Boulder City’s new deputy city clerk has been on the job for six months and is being praised by staff for her work.
In June, Stacey Brownfield started as deputy city clerk. She took over for Tami McKay, who was appointed to the city clerk position.
“Ms. Brownfield has the education and experience directly on point for the deputy city clerk position,” said McKay. “She has demonstrated her professionalism and has provided service skills that enhance public access to the City Clerk’s office. We are fortunate to have her on our team.”
In her career, Brownfield has worked for the Clark County School District and the city of Henderson.
“My career started in public health,” she said. “I worked for a physician and then moved on to a position with the Department of Public Health and Human Services. Later, I changed my focus toward local government. My background includes experience with public meetings, elections, city records and passports.”
She said her goal in her position in Boulder City is to “serve and represent the citizens and the city to the best of her ability.”
“I have always loved Boulder City and I had the pleasure of working in Boulder City in the past for a physician,” she added. “I felt like it was time to leave the hustle and bustle of the bigger cities behind and wanted to connect with the community. Boulder City is a one-of-a-kind gem. I enjoy the small-town atmosphere, the quaint community and the citizen engagement.”
Brownfield said she enjoys spending time with her family when she isn’t working.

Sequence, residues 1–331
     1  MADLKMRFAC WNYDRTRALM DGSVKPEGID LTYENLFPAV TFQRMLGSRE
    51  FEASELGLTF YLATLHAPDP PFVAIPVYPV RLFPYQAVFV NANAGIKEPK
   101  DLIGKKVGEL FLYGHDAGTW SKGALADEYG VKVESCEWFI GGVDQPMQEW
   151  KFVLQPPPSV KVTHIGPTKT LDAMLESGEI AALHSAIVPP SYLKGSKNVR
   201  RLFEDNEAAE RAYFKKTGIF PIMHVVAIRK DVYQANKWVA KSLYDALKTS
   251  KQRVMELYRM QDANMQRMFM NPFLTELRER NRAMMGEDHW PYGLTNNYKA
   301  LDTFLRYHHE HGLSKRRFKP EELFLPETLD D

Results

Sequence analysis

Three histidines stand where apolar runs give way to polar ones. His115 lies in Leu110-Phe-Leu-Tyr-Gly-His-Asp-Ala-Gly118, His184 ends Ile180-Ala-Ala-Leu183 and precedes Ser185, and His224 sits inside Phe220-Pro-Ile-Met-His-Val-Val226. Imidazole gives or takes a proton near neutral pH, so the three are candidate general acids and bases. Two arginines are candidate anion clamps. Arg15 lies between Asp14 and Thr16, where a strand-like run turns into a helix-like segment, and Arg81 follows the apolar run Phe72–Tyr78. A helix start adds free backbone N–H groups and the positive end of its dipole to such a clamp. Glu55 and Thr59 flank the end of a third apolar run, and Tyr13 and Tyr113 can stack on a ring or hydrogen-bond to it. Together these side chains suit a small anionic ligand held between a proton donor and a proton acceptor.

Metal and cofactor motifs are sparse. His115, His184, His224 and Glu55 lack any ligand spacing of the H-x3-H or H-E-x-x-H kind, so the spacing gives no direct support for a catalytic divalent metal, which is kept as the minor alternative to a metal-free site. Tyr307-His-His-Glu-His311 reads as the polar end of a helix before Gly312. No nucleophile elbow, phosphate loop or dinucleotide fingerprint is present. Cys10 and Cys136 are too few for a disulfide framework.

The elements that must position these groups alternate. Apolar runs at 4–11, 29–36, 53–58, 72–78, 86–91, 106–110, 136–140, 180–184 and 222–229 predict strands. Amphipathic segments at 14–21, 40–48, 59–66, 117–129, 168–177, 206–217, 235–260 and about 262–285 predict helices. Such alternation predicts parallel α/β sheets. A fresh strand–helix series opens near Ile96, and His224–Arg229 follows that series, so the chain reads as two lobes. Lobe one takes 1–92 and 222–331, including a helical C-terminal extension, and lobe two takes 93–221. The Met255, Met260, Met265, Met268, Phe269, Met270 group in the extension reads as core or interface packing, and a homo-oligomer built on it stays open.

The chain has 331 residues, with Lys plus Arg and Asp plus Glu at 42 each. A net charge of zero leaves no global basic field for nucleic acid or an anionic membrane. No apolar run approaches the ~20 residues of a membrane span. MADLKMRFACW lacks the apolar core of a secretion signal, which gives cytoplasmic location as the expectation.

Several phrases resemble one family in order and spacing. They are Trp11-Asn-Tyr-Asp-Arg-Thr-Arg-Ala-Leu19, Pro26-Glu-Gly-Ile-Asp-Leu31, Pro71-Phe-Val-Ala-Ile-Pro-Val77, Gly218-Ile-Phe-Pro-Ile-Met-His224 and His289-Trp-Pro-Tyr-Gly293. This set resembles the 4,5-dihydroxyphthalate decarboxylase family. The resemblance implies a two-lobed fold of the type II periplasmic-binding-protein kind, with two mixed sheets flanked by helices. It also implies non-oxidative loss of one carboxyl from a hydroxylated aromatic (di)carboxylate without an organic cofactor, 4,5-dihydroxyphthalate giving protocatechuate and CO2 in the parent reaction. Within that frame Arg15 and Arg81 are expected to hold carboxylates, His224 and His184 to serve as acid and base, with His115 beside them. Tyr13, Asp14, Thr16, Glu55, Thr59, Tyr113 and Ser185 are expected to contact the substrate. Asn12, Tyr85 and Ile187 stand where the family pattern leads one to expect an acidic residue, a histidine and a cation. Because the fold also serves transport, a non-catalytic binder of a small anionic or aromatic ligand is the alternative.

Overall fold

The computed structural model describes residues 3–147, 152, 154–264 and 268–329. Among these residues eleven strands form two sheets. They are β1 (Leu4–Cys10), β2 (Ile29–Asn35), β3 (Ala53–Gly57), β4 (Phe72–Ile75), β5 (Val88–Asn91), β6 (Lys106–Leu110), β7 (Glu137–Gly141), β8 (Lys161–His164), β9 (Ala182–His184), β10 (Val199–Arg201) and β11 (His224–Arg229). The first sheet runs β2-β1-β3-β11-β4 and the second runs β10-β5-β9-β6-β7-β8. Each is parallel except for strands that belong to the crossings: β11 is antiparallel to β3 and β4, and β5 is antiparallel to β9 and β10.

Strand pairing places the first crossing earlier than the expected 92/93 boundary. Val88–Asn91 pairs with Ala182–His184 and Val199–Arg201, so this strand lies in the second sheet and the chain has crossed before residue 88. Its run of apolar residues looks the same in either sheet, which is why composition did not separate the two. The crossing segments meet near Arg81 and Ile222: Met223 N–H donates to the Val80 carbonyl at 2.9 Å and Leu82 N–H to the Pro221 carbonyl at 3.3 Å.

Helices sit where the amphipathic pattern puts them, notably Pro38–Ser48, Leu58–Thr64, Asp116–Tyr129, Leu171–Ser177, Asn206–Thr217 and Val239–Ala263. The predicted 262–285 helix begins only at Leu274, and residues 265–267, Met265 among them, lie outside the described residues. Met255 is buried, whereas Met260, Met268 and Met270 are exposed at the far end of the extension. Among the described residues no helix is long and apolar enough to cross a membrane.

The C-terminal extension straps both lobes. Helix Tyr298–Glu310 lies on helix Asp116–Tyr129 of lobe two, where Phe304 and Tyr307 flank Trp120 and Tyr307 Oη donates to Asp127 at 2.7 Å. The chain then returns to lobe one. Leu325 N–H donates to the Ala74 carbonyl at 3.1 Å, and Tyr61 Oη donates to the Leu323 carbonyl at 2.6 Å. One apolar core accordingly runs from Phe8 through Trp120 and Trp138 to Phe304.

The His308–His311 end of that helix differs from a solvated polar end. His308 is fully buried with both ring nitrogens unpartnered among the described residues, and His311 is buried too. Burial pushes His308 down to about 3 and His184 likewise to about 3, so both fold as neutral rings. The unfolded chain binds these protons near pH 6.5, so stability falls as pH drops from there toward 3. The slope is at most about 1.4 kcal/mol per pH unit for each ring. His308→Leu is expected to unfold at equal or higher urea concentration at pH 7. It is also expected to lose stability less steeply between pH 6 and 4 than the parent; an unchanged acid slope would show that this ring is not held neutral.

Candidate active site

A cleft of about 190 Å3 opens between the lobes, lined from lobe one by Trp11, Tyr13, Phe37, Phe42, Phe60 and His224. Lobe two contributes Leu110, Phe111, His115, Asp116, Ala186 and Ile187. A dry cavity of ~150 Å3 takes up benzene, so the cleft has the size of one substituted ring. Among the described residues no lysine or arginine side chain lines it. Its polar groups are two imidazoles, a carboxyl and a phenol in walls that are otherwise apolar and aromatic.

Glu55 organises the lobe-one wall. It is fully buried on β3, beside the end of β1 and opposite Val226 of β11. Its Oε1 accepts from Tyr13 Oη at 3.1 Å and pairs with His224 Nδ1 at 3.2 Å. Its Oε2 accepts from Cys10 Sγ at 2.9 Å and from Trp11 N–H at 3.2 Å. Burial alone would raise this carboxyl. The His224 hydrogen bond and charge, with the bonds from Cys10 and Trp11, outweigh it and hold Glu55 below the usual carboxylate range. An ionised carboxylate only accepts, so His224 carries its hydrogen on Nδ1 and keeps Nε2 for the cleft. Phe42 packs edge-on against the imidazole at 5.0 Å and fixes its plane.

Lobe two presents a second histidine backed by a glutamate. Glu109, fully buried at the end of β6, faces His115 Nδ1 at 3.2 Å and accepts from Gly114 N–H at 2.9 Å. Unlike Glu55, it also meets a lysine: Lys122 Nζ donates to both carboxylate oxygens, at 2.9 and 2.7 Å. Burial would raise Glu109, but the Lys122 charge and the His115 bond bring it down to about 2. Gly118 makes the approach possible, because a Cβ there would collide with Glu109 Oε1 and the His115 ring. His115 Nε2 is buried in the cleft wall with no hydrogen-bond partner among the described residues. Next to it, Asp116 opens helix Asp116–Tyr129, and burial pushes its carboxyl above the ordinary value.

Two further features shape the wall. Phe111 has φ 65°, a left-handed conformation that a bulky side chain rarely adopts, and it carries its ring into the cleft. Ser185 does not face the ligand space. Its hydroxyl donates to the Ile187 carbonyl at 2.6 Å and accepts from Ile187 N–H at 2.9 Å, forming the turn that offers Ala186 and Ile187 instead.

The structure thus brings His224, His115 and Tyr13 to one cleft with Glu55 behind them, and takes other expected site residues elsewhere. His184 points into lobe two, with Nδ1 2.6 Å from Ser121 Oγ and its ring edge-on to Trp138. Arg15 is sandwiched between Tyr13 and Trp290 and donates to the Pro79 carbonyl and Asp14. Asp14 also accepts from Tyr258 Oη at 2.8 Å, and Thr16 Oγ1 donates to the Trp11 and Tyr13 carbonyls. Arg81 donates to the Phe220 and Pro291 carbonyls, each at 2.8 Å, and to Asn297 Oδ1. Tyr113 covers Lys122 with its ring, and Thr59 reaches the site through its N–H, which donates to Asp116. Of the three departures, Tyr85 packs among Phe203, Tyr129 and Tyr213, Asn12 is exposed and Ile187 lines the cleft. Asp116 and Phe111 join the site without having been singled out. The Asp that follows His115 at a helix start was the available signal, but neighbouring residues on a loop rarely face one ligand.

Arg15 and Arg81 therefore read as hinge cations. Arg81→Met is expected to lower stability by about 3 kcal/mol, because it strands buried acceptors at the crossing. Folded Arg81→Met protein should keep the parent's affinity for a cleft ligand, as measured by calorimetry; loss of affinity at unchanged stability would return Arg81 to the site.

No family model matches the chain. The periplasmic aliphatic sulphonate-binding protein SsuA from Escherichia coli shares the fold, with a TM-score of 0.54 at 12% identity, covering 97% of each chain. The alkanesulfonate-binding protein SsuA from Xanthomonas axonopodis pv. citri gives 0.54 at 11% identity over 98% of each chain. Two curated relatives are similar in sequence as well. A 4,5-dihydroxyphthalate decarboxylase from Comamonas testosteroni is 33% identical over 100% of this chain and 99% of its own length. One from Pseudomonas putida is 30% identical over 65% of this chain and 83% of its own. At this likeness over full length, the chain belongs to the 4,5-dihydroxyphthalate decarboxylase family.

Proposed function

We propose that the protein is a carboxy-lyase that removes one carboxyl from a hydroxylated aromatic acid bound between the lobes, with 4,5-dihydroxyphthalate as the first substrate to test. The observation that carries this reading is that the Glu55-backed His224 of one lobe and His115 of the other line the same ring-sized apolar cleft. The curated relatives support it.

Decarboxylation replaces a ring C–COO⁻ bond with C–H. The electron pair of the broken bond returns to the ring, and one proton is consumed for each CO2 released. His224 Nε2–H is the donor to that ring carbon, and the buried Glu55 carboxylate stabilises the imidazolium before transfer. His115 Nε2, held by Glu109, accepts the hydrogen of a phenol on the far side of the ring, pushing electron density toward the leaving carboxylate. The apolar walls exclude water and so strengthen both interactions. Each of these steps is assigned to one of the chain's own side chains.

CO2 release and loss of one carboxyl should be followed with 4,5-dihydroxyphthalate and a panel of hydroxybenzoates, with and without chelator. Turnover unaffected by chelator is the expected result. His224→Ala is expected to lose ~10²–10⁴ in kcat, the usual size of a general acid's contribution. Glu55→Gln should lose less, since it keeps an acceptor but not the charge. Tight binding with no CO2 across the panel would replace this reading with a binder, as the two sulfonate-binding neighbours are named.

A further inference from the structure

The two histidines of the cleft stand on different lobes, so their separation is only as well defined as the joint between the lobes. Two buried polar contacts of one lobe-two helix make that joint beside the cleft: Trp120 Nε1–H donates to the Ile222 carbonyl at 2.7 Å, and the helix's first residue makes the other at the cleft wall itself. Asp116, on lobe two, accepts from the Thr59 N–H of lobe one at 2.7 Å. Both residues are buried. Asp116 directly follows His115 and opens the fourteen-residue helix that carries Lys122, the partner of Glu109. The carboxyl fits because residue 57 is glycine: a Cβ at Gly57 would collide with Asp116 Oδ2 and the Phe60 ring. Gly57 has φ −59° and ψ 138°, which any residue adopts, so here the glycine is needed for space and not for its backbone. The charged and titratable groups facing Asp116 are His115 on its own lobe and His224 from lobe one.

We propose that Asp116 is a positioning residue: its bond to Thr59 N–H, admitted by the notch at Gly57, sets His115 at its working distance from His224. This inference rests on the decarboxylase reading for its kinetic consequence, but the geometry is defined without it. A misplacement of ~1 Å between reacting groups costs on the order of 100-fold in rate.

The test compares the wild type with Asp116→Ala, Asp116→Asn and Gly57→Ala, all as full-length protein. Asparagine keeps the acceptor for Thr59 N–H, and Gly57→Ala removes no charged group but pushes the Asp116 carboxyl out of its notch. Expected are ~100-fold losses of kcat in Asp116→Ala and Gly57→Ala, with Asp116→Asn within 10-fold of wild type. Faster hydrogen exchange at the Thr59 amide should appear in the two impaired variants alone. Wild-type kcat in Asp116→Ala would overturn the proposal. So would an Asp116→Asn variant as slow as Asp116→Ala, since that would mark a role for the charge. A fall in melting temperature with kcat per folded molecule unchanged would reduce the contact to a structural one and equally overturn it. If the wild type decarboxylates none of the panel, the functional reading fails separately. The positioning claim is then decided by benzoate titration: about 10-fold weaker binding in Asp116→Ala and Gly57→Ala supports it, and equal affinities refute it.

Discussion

“My son is 10 and plays on a travel baseball team,” she said. “He keeps us busy with sports. My husband is in public service as well. He works for a local utility company. I also enjoy volunteering at my son’s school on Fridays. We have three dogs named Levi, Louie and Lollipop, Poppy for short.”
Brownfield worked as the assistant city clerk for the city of Henderson and was part of a recent investigation into the leadership of that office. According to the report from the investigation, Brownfield was found to have violated the city’s nepotism and supervisory conflicts of interest policy by failing to disclose that a job candidate lived with her at one point. Brownfield did not directly make the hiring decision but provided direct supervision of the employee at times, according to the report.
“I resigned during a tenuous time in the office,” she said. “I do not agree with the findings of the investigation and was not given an opportunity to defend myself.”
Las Vegas Review-Journal reporter Blake Apgar contributed to this report.
Contact reporter Celia Shortt Goodyear at email@example.com or at 702-586-9401. Follow her on Twitter @csgoodyear.